What is Finite Risk Reinsurance? A Definitive Explanation

Insurance Journal West July 4, 2005

July 4, 2005 by Andrew J. Barile

Recent insurance industry investigations have begun to put prior finite reinsurance transactions under a microscope, creating the need to re-examine this reinsurance product, but more importantly determine its role in the future.

Just exactly what is finite risk reinsurance? It must be understood that it is a broad category of various types of reinsurance agreements, all of which significantly limit the reinsurer’s exposure (especially underwriting risk) to a maximum limit (thus, the concept finite).

In other words, the buyer of this type of reinsurance must be aware that there is a finite reinsurance limit, a cap, or other term used to describe a maximum reinsurer’s limit.

When we discuss finite risk reinsurance, it is necessary to restrict the agreement or transaction to two parties, a ceding insurer, and an assuming reinsurer, each of which is licensed to assume risk. This perspective will confine its discussion only to finite reinsurance, and not take into consideration corporations who have purchased finite insurance agreements.

Financial reinsurance agreements transfer financial risks that could affect the insurance company’s realization of future profits by protecting the insurance company’s bottom line from such threats as the loss of income through deterioration of the company’s loss reserves.

The ceding insurer (buyer of finite re) transfers a risk, typically characterized as an asset risk, a credit risk, or a loss payment timing risk. FASB’s accounting gives the ceding insurer a strong incentive to transfer an element of underwriting risk, as well. Determining risk transfer and more importantly meeting the latest risk transfer requirements will challenge those preparing for the future of finite risk reinsurance.

The seller of finite risk reinsurance (assuming reinsurer’s exposure) is protected by an aggregate limit on the amount of assumed risk. This “cap” on the reinsurer’s ultimate liability is the first important characteristic of financial reinsurance.

A second key characteristic of financial reinsurance is that it offers the financial reinsurer a low risk margin. The financial reinsurer often has the contractual right to cut its losses and retire from the agreement through a commutation provision, that is, a cancellation provision that permits the assuming reinsurer to recover its paid losses before the ceding insurer can invoke its right to share profits under a profit sharing provision.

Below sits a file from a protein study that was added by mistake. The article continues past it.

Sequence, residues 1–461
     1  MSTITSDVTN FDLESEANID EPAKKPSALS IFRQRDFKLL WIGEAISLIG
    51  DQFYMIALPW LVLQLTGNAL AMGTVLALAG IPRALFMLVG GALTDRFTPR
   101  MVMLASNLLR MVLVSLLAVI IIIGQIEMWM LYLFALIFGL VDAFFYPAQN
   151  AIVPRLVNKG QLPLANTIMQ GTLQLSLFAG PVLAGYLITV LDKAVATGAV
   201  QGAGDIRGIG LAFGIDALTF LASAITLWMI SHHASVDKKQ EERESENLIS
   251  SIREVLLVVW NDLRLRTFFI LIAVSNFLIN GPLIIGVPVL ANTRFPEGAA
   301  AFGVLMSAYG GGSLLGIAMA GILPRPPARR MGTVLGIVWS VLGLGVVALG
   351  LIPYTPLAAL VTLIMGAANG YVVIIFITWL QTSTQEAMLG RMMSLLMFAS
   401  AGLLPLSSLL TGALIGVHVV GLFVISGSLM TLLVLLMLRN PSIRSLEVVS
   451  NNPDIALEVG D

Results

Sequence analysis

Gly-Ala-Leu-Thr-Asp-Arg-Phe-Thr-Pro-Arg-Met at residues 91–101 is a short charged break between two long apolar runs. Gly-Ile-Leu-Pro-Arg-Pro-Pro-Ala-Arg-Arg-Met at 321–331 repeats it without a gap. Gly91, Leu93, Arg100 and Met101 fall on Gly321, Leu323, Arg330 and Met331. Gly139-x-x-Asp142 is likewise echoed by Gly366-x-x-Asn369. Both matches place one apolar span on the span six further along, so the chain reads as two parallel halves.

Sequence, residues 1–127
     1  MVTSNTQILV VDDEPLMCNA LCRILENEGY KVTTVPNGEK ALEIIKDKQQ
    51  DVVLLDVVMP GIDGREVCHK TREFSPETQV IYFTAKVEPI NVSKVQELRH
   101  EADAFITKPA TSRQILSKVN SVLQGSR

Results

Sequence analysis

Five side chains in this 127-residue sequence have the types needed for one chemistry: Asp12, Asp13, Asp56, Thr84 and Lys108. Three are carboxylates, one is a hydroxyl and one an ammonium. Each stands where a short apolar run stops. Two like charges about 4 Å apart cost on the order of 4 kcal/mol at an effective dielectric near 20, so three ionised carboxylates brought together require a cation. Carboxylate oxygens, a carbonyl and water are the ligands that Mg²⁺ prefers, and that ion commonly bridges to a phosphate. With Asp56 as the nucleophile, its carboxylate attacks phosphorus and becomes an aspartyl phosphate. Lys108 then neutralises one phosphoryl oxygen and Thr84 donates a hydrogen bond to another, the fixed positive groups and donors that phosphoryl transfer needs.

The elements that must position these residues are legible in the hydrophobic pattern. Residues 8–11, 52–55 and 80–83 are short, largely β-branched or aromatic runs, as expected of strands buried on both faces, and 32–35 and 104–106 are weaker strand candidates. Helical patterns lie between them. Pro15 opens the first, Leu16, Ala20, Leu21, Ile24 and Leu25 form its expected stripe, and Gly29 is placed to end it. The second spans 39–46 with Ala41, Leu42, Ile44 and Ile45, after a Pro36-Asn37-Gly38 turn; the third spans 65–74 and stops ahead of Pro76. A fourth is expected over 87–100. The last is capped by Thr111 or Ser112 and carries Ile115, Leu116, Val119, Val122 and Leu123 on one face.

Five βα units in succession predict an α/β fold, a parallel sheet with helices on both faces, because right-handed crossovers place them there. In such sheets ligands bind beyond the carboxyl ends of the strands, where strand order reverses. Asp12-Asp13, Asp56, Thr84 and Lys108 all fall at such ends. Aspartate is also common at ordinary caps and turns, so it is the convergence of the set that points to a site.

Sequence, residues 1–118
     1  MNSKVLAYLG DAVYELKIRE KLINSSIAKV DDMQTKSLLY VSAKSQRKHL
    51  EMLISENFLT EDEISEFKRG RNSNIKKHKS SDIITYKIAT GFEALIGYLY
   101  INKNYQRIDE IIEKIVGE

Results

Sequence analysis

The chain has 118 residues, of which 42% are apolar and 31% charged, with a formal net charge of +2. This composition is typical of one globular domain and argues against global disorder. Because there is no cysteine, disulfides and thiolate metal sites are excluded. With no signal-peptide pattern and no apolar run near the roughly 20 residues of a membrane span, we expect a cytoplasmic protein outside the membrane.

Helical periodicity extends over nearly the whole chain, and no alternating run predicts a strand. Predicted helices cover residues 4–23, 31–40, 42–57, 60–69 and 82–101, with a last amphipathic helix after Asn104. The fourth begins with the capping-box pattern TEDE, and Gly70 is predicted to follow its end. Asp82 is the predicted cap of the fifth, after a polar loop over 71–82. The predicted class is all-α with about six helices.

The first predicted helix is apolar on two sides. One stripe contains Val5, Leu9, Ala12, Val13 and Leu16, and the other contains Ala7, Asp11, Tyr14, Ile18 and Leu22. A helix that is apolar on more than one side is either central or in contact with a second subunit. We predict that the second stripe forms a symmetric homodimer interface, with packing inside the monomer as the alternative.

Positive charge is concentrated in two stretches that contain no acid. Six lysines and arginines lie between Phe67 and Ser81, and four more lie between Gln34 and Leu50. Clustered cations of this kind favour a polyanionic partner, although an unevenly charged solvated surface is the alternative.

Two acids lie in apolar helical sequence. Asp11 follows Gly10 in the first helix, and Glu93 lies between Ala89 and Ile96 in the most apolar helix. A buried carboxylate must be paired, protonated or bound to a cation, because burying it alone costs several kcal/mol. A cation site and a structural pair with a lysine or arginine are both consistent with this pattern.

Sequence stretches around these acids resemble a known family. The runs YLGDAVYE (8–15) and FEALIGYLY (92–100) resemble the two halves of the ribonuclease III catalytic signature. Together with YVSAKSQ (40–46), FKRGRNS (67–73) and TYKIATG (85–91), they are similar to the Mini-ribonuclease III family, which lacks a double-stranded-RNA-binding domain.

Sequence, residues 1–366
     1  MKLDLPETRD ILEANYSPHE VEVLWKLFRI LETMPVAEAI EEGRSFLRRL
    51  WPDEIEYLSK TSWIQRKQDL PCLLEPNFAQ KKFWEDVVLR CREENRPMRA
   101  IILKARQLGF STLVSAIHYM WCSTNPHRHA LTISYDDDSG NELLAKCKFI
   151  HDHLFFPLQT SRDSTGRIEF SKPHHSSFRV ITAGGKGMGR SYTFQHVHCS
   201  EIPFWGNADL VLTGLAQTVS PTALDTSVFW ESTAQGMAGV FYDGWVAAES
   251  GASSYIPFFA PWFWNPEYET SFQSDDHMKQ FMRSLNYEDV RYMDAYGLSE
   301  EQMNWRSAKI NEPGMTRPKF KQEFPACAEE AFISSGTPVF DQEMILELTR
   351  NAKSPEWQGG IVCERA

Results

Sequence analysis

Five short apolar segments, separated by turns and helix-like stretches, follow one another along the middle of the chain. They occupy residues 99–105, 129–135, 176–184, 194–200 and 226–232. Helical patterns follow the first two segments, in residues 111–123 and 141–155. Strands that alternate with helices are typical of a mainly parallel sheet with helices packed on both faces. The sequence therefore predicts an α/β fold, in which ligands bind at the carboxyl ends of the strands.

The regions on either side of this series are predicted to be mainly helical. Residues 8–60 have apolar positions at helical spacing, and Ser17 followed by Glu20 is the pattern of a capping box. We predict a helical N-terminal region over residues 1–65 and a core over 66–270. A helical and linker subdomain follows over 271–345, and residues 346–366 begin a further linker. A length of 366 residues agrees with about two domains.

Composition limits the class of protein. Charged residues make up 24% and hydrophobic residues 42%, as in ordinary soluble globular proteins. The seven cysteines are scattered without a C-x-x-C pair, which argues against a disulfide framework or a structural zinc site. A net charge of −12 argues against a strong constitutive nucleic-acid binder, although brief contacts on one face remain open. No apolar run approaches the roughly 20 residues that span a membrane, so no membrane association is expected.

Structuring the commutation clause agreeable to insurer and reinsurer is another challenge for the future of finite risk reinsurance.

Financial reinsurance agreements are also characterized by the reinsurers crediting the ceding insurance company, in the pricing of such covers, with estimated amount of investment income that is expected to be generated by the reinsurance premium to be ceded.

This is why we continue to see hedge fund operators in the offshore domiciles becoming active in the reinsurance business. Offshore reinsurers owned by hedge funds have a significant advantage over the traditional reinsurers, especially with no legacy issues.

The fourth characteristic is the use of profit commissions, that is, payment by the financial reinsurer to the ceding insurance company during the term of agreement in the event of favorable loss experience.

A simplistic profit commission clause extracted from an actual retroactive aggregate excess of loss agreement reads as follows:

“In the event that the Company (buyer of finite reinsurance) shall not have exercised the commutation option herein before contained and the Company’s losses under this Agreement do not exceed the reinsurer’s (seller of finite reinsurance) income under this Agreement, the reinsurer shall pay to the Company a profit commission in the amount of the difference between 85% of the reinsurer’s income and the ultimate losses hereunder. A contingent calculation of the profit commission hereunder shall be made at